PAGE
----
The point that Methanex seems to miss is that a remote supplier of MTBE producers would be in like circumstances with other remote suppliers of producers producing substitutes of MTBE. Therefore, if we expand the ‘like circumstances’ comparison to that level, remote suppliers could successfully bring an Article 1102 claim, but for the Article 1101 threshold. On the contrary, if we limit the ‘like circumstances’ comparison only to the universe of those investors or investments directly affected by the measure, then indeed a remote supplier would not be in like circumstances with a favored producer.
II.3.1.4. The national treatment clause v. the non-discrimination principle
One point should not be missed. The national treatment requirement as embodied in NAFTA Article 1102 is a non-discrimination provision. However, it only proscribes a certain type of discrimination, namely, that created by a protectionist measure. As we saw earlier, a protectionist measure for the purpose of Article 1102 is that which accords differential treatment to foreign investments or investors in like circumstances based on their nationality. Therefore, the operation of the national treatment clause always requires a comparison between foreign and national investors or investments.
An apartheid measure for instance, according more favorable treatment to Caucasian investors (foreign or nationals) as unreasonable as it is, would not contravene Article 1102 of NAFTA. Similarly, differential treatment between one foreign investors and another foreign investor is irrelevant under Article 1102. Therefore, the non-discrimination principle and the national treatment rule must at all times be distinguished: the latter is a specific kind of the former.
For this reason, whatever comparator is used for the ‘like circumstances’ analysis, it always has to be referenced to the primordial categories nationals and foreigners.
II.3.1.5. The ‘accordion’ of ‘like circumstances’
Using the vocabulary of the WTO Appellate Body,87 the ‘accordion’ of like circumstances may be ‘stretched’ and ‘squeezed’ according to the particularities of the case. Unlawful discrimination is easily detectable for example when under all the comparators but nationality, foreign and domestic investors are identical. However, Chapter 11 tribunals will most likely never be presented with this ‘dream scenario’, nor does Article 1102 seem to require such proximity in circumstances. As one claimant noticed, ‘like’ in Article 1102 means ‘similar’ not ‘identical.’88
More realistically, the panels will have to engage in situations where the circumstances of domestic and foreign investors may be similar and yet not similar enough to trigger an Article 1102 violation. The language used by the panel in GAMI Investments exemplifies this dilemma: “[t]he Arbitral Tribunal has not been persuaded that GAM’s circumstances were demonstrably so “like” those non-expropriated mill owners that it was wrong to treat GAM differently (emphasis added).”89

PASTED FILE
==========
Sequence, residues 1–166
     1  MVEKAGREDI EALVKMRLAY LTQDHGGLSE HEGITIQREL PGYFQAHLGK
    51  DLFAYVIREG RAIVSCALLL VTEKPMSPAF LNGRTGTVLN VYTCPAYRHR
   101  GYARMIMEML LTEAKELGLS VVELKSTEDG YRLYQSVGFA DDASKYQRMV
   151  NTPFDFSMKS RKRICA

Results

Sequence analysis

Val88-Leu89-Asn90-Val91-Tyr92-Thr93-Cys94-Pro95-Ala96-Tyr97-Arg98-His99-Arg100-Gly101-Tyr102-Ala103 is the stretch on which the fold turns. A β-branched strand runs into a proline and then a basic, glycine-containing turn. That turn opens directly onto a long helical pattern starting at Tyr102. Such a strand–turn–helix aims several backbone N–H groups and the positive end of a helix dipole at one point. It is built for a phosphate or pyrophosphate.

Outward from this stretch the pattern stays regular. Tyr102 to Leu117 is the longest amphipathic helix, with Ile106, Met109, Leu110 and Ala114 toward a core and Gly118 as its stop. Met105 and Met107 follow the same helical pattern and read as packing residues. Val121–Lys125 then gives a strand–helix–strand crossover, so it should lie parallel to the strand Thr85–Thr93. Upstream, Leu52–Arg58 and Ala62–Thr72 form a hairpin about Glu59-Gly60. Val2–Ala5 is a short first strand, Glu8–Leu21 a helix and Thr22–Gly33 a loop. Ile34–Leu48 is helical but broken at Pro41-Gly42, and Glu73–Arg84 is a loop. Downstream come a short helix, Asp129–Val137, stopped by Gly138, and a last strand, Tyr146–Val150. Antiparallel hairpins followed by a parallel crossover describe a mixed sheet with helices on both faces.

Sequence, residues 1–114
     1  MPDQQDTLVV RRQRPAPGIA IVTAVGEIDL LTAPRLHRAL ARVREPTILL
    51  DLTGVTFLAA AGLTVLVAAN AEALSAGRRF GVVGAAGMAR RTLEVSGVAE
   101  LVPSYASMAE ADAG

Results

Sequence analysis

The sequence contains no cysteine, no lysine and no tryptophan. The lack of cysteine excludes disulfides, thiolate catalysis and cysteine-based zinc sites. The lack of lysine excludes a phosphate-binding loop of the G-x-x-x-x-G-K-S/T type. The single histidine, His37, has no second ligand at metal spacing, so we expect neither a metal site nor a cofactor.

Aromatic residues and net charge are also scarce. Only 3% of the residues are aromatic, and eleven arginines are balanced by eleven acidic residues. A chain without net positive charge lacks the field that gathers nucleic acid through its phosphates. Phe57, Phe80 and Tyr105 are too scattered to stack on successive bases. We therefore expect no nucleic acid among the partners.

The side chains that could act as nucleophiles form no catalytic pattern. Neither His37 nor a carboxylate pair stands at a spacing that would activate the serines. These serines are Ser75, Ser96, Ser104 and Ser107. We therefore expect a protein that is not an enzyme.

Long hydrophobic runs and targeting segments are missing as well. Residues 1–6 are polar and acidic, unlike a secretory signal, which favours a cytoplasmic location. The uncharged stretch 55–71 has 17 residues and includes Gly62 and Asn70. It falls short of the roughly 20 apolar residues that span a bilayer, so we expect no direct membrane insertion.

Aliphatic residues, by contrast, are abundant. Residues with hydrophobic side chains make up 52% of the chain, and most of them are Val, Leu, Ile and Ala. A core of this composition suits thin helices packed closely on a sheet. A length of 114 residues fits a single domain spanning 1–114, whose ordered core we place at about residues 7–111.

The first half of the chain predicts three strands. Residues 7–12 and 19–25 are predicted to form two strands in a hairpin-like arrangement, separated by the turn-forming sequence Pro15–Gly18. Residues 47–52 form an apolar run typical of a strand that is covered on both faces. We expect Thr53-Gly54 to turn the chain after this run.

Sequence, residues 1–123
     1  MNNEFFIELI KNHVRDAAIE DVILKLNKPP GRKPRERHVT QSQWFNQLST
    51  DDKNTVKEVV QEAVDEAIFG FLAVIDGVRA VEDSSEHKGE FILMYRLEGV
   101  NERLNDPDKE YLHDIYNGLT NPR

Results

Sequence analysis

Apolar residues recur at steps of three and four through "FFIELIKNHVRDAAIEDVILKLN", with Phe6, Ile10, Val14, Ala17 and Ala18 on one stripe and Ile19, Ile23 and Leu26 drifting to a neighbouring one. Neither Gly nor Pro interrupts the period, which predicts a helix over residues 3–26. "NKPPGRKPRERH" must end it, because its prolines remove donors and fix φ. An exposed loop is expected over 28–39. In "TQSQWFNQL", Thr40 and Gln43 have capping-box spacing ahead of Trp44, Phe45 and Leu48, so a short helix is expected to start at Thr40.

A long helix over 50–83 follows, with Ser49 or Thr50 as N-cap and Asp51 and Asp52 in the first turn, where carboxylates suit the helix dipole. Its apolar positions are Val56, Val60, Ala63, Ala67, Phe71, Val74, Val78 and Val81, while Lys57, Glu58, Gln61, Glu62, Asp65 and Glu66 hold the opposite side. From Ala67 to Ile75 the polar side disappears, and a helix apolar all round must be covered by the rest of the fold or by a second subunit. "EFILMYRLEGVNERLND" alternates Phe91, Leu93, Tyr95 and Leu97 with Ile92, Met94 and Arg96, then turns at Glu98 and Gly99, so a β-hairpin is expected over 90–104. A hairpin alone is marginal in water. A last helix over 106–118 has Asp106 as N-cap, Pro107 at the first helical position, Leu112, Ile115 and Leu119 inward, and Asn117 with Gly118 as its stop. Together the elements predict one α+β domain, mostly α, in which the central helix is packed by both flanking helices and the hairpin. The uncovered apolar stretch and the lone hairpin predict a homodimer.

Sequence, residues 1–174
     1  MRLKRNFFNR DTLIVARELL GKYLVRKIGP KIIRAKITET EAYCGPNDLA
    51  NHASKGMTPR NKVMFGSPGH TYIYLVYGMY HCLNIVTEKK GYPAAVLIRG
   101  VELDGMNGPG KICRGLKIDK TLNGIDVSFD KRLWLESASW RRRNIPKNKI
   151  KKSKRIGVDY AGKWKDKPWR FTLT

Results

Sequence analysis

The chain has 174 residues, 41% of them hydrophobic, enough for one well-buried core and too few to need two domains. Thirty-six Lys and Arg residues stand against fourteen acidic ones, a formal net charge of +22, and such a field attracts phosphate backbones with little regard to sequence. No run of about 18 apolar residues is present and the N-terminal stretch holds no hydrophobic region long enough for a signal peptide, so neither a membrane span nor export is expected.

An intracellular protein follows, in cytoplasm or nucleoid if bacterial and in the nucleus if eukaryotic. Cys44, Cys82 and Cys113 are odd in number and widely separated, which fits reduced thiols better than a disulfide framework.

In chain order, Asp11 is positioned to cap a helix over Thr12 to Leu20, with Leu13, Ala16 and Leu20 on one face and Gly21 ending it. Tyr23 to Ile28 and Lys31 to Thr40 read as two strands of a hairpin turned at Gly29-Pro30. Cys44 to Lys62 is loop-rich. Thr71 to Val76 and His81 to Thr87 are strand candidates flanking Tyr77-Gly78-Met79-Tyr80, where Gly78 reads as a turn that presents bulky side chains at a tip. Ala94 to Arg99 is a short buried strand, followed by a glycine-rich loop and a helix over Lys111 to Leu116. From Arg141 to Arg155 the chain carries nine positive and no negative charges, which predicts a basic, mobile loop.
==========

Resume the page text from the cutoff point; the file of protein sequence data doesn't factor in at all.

But if the ‘accordion’ in its most compact form means identical, what would its most expanded version be? It is hard to accept that this limit could be, as one investor suggests, one that admits a comparison between the treatment accorded to the claimant and that “offered to virtually every other person conducting business in the U.S.A.”90
An interesting question is whether the ‘likeness accordion’ in Article 1102 contains something like a most similar investor or investment requirement. Or in the Appellate Body ‘argot’, should the accordion be expanded only up to the limit of the most similarly situated investor or investment? In other words, once the tribunal identifies the existence of two distinguishable categories, one formed by similarly situated investors and another comprising less similarly situated investors, should it limit its analysis to the first category? The United States seems to answer this question in the positive:
The function of addressing nationality-based discrimination is served by comparing the treatment of the foreign investor to the treatment accorded to a domestic investor that is most similarly situated to it. In ideal circumstances, the foreign investor or foreign-owned investment should be compared to a domestic investor or domestically-owned investment that is like it in all relevant respects, but for nationality of ownership. When nationality is the only variable, such a comparison serves the Article’s purpose of ascertaining whether the treatment accorded differed on the basis of nationality of ownership.91
The United States further sustains that adopting a different view would: